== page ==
INTERVIEW: Ben Folds

EP-1403398863843

ROCKIN’ THE RECITAL HALL

Ben Folds talks with Chris Familton about the current collaborative project he has termed ‘chamber rock’ and his personal and professional connection to Australia.

In composition and performance the piano is one of the few instruments that works effectively and consistently across the spectrum of musical genres, from blues to jazz, rock to classical. In the indie-rock world one of the artists it is indelibly linked to is Ben Folds.

In recent years Folds has been progressively widening his musical palette to include classical composition and his latest project came about when he’d written a piano concerto but “hadn’t thought what I was going to do with it so I thought I should flesh it out with some other pieces of music that I had in mind.” Initially his idea was to work with a number of different chamber groups but when he met with the sextet yMusic, “I didn’t want to work with anyone else. They’re an incredible group of musicians who create different sounds. They’re like a sports car with incredible acceleration that hugs the road versus an orchestra which is like a big cruise ship. This suddenly felt like a rock band and I wanted to write lyrics so it quickly headed off in that direction.”

The end result was last year’s album So There which finds both parties on equal creative footing and Folds retaining the energy and musical irreverence that has always been a hallmark of his songs. “I think that’s just what comes out. I was aware of not wanting to be too terribly formal just because there’s a classical group beneath me. I didn’t want to compromise my voice, that didn’t interest me,” Folds stresses. “When I’m in the studio it has to really be something that will hold my interest. As soon as I go down a road trying something, blending one kind of music with another kind, I can suddenly get so tired of that so quickly and don’t want to keep making that kind of music. It comes down to – if it is exciting me then we keep moving forward. I think that’s always been my way of operating.”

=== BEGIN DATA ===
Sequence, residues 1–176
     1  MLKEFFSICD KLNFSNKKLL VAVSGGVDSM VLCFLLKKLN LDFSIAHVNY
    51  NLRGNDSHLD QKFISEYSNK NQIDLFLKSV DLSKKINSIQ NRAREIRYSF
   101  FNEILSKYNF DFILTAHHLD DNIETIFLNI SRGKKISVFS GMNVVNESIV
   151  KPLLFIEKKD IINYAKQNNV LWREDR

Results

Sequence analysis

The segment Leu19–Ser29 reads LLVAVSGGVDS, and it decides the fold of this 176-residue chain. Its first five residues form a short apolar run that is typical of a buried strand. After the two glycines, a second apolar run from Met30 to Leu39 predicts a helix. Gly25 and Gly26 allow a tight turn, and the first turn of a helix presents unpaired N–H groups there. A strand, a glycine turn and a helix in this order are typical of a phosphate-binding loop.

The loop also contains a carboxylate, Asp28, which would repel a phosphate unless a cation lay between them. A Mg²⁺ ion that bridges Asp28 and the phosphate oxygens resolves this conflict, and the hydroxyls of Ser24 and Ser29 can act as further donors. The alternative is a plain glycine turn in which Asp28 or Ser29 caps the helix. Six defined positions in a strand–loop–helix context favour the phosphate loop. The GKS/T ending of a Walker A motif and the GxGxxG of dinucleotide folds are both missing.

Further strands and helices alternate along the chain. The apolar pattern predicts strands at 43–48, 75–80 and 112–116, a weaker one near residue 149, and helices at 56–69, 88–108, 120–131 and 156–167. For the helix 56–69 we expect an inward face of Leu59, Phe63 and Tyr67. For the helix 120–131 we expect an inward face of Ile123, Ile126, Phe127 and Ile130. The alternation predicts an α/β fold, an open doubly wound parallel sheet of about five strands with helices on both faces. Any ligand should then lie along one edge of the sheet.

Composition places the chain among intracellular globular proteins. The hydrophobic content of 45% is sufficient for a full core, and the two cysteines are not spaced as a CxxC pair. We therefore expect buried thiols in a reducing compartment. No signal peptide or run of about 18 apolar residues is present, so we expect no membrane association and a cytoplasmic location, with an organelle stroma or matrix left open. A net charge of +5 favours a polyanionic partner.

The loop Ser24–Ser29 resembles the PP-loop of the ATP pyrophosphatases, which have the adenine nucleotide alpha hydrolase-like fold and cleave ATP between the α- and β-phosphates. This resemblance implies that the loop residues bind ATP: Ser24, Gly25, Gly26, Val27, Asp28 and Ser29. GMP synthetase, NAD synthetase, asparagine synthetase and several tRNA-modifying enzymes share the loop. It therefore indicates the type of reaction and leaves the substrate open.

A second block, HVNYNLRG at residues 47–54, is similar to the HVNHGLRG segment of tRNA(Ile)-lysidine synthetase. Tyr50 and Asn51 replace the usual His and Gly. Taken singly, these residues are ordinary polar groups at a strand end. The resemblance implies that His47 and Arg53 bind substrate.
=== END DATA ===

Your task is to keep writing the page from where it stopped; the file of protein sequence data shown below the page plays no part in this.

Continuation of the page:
Many of Folds’ fans share a willingness to follow him through his different projects, filling seats in recital halls when he performs with yMusic and mixing with the classical crowd when he joins an orchestra. That desire to find a balance between his audience, musical styles and performance formats is one that fascinates him.

“It’s a unique rock show and you can also look at it as a unique classical show. There’s a place where classical and pop crossover music meets that has never really been interesting to me. This is a lot less formal and feels a lot more honest than a classical crossover gig. They have the tendency to get a little pretentious and I believe that if you’re expressing yourself, don’t do it in a suit and tie like that. Just kick it in the arse.”

Folds is bring yMusic down to Australia for a run of shows and though he currently calls Nashville home he has strong connections to this country, marrying and starting a family in Adelaide, collaborating with a number of Australian artists and enjoying early musical success here. “I think Australia and I were on the same page when I began. I think they really understood. Triple j really got Underground (1995) which didn’t really take off in the United States but it did in Australia,” Folds recalls. “The moment I landed there I loved the place. People were funny, the air felt good and it’s always been part of my life every since. I’d still live there if I could but I can’t, I have too much work to do over here but  one day I’d love too. Depending on how our election goes over here I might be there earlier. I hope Australia remembers me and has pity on me,” laughs Folds.

From the outside, Folds appears to have a comprehensive and possibly compulsive creative life. Recording, touring, appearing as a judge on a TV talent show, photography and until recently, running the legendary Studio A in Nashville. Is there time for non-musical pursuits?

“I don’t have much downtime for anything. As we talk I’m throwing clothes into a bag before we head out on tour, which is kind of the way I do things. It’s been suggested that if I take time off and have a life I’d have more to write about but I like living day to day, running around and being in different places and coming across different influences. When I stop it is just bad, like a fish out of water. I just have to keep going.”

With that in mind Folds is already looking ahead to the next tour and the next recording project as he continues to chase his muse. “I’m going to be starting an interesting solo tour with a lot of toys on stage after the yMusic stuff. We finish touring that in Australia and then I’ll move into the solo touring and begin writing a solo piano record after all that.”

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